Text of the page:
AND ON THE CONTINUING EVOLUTION OF AMERICAN FILMMAKERS FROM THE 1970s
The photo above is from 2015, at the New York premiere of Noah Baumbach's Mistress America. That night, Baumbach was interviewed on stage by Wes Anderson. As Anderson's Asteroid City opens in theaters, several new interviews with the filmmaker have been posted online.
Here's a portion from Eric Kohn's interview with Wes Anderson at IndieWire:
Earlier you mentioned how ’70s American cinema inspired you. Many of the filmmakers you’ve cited as your favorites from that period are still working today. What do you make of their evolution as you consider your own evolving body of work?
People are sort of obligated to compete with themselves and everything they do is compared to their earlier work. There’s a certain view that people do their best work as movie directors in their 30s or 40s and 50s, not really their 60s or 70s. They don’t say that about conductors. But with this group, there has been a lot of especially good work from them in their 70s. Martin Scorsese is over 80 and he’s got a big movie coming out. I haven’t seen “Killers of the Flower Moon,” and I wouldn’t say that “Wolf of Wall Street” has the kind of blast of originality and inspiration that gives us “Goodfellas,” but it used all these kind of tools and techniques that he sort of invented. He was working with actors in a way he hadn’t in years, in an improvisational way that he’s so great at it. He made this great, huge movie that’s endlessly entertaining.
Now we see Paul Schrader with a whole set of later movies that are sort of Bressonian, where he’s taken a sort of focus and taken back something for himself. Spielberg’s collaborations with Tony Kushner have produced such interesting work and it’s all later period stuff. Even Frances Coppola who hasn’t made a movie in some time is now making something gigantic. He’s taking on a tremendously personal project he’s been wanting to do all these years. It’s a twist on the whole that’s been interesting and surprising. But I’d say each one has a different kind of virtuosity that’s totally unique to them.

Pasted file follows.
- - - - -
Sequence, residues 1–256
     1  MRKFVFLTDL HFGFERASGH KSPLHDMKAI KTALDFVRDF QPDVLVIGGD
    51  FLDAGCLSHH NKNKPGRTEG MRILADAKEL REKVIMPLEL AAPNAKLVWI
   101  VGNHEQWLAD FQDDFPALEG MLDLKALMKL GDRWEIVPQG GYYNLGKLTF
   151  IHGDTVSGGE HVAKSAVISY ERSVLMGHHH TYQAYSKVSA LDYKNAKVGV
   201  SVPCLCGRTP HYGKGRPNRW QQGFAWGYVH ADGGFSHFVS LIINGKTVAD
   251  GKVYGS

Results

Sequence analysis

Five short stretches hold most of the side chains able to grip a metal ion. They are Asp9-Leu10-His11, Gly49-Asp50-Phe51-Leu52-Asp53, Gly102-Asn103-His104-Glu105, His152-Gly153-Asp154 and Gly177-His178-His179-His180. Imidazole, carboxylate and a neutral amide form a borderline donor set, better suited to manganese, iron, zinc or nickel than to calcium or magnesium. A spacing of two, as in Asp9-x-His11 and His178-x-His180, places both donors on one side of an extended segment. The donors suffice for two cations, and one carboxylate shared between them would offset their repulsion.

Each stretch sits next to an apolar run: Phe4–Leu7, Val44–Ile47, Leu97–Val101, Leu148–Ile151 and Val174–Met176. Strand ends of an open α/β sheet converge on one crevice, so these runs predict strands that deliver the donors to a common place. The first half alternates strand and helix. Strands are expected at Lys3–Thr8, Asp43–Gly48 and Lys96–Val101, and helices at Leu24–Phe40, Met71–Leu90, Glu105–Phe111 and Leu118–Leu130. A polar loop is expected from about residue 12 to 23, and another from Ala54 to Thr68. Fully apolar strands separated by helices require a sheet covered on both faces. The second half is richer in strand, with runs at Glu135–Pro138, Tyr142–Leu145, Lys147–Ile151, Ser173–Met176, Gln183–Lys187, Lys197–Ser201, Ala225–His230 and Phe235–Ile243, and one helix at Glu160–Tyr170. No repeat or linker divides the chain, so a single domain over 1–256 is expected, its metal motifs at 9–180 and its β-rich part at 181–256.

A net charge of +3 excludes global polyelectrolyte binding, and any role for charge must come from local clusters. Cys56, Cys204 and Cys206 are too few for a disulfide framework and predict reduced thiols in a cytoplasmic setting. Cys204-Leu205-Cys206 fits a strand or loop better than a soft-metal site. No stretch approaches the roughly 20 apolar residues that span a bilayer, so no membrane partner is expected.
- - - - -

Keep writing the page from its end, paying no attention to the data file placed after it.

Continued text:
Brian De Palma has given you a lot of guidance over the years. How much has he inspired the way you approach filmmaking?
You could always say that De Palma follows Hitchcock’s path, but a lot of people have followed De Palma’s path. His point of departure from Hitchcock’s influence is so strong. I have tried to do bits like a De Palma scene, setting up a sequence like De Palma would, but it’s almost impossible for me to do. Tarantino and Paul Thomas Anderson have done scenes where they set things up like De Palma and do it well. Not me. I had to find other things in his work. There are certain things he does that I certainly steal but others that I can’t steal, because I’m not capable of it.
And here's a portion from Nick Schager's interview with Wes Anderson at Daily Beast:
Do you think of yourself as having a distinctive “style?” Or does considering it in that way interfere with the creative process?
I think about how I want to stage a scene, and I might have some ideas about what we’re going to go for, for this particular movie, but that’s probably not the thing you’re talking about. You’re talking about the thing that’s the same, or at least is recognizable—which is to say, “I think I know who might have done this one” [laughs]. That is maybe something I’m in control of, but I’m not in control of what I want. I’m not in control of the way I’d like to do it.